What’s the real impact of campus’ net-zero space growth policy?

In July 2015, the University of Illinois’ Urbana-Champaign campus enacted a Net Zero Space Growth Policy — effectively putting a ceiling on the total area of the building space campus may own or occupy at about 23 million square feet. In addition to curbing sprawl, campus also hopes to restrain runaway carbon emissions from ineffective space use.


The policy explained

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The bigger picture: Carbon neutrality

The Illinois Climate Action Plan (iCAP) commits the Urbana-Champaign campus to carbon neutrality — a state when campus operations release no net carbon emissions into the atmosphere each year — by 2050, if not sooner. To reach that goal, campus needs to vastly reduce the amount of greenhouse gases it emits into the atmosphere.

The Net Zero Space Growth Policy accounts for about one-third of the reductions in greenhouse gas emissions (see red wedge below) required for campus to reach carbon neutrality.

2015 iCAP Wedge Diagram showing only energy emissions projected, with potential clean energy scenario

2015 iCAP Wedge Diagram showing energy emissions projected, with potential clean energy scenario. For further discussion of this diagram, see page 17 in the 2015 Illinois Climate Action Plan. Download a copy at /icap.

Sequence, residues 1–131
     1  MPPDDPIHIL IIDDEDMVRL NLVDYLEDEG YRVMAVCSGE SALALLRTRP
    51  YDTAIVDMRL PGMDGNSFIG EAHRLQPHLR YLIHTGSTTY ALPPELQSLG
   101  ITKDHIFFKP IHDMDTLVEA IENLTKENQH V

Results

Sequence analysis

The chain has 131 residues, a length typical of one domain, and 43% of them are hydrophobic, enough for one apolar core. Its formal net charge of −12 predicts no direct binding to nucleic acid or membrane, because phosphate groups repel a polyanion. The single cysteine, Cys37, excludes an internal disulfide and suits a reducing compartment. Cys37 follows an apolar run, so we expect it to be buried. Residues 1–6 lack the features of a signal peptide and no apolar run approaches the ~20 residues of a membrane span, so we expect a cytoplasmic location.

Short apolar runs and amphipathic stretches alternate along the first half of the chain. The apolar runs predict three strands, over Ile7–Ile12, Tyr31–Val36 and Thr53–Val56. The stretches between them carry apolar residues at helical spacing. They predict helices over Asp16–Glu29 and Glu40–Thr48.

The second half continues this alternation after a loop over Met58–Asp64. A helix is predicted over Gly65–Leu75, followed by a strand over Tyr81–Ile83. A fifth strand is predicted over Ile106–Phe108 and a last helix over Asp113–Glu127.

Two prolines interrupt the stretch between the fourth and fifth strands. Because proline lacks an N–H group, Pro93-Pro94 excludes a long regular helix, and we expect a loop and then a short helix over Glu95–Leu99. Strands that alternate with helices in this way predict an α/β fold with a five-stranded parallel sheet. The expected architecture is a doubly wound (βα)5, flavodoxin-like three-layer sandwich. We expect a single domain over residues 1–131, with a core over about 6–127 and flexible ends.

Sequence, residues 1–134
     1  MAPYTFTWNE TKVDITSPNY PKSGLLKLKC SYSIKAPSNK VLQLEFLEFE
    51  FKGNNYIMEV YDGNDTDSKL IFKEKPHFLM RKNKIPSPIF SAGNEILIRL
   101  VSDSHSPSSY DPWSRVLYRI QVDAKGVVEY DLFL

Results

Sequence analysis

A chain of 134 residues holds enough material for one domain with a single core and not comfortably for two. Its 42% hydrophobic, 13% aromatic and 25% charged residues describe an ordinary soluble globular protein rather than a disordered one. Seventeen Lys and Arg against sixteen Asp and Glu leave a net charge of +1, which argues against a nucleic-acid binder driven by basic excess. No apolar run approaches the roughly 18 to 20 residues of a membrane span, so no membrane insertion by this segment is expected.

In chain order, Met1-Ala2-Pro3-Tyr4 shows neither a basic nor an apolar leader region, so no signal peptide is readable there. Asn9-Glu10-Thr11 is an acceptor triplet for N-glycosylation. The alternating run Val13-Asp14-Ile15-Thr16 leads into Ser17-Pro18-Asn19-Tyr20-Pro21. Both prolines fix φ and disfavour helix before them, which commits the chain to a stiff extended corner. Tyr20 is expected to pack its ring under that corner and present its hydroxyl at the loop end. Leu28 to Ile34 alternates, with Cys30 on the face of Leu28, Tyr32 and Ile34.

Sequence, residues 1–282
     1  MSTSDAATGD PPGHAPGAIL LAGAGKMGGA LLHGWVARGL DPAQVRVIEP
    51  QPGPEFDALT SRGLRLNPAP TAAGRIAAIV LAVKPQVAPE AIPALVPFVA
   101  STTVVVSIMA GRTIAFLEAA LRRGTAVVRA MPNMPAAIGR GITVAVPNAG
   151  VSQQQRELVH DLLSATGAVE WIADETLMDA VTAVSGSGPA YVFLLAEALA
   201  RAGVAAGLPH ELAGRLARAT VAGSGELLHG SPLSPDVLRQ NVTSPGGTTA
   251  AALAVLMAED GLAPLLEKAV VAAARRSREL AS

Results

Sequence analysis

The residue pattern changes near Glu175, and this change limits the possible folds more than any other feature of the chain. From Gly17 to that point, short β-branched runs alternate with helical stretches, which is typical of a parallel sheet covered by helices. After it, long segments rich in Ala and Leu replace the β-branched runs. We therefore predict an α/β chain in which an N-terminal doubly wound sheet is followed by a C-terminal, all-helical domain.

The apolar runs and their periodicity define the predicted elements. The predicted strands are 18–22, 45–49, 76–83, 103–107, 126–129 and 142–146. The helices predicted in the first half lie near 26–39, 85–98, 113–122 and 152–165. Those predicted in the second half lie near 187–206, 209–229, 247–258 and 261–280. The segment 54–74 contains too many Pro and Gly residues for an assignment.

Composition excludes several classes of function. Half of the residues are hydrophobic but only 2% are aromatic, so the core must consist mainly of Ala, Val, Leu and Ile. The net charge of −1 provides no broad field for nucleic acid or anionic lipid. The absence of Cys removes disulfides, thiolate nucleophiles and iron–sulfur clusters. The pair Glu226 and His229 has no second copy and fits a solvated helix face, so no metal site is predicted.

The iCAP Wedge Diagram shows one potential combination of tactics for campus to reach its zero net emissions goal. The topmost edge of the red wedge represents the business-as-usual trajectory of campus emissions if no actions are taken to rein in energy consumption by buildings and individual users. Each of the colored wedges represents an estimated reduction of emissions as that tactic is enacted over time.

Roughly 88 percent of campus’ greenhouse gas emissions result from the production and purchasing of steam and electricity to heat, cool, light, and power campus buildings. Capping total campus building space brings foreseeable increases in energy demand (and therefore increases in emissions) to almost zero. This takes the red wedge off the diagram and makes the top orange line the new trajectory, a much flatter and less harmful one.

“A lot of spaces on campus are not used as effectively as they could be,” said Ben McCall, Associate Director for Campus Sustainability at the Institute for Sustainability, Energy, and Environment (iSEE). “The key with this policy is to continue to grow the University’s research and educational missions, but do so in a way that shows good stewardship of already existing campus resources and future environmental resources.

“It’s very hard to imagine meeting our carbon neutrality goal without a policy like this. Even if we had the cleanest, most efficient energy possible, if the spaces that use that energy continue to increase, we’ll always be on the back foot — always searching for additional sources of energy. That will be costly, and it may not be able to happen without some fossil fuel use — which is something the Illinois Climate Action Plan is very clear that we are to wean ourselves from.”



— Olivia Harris, Communications Assistant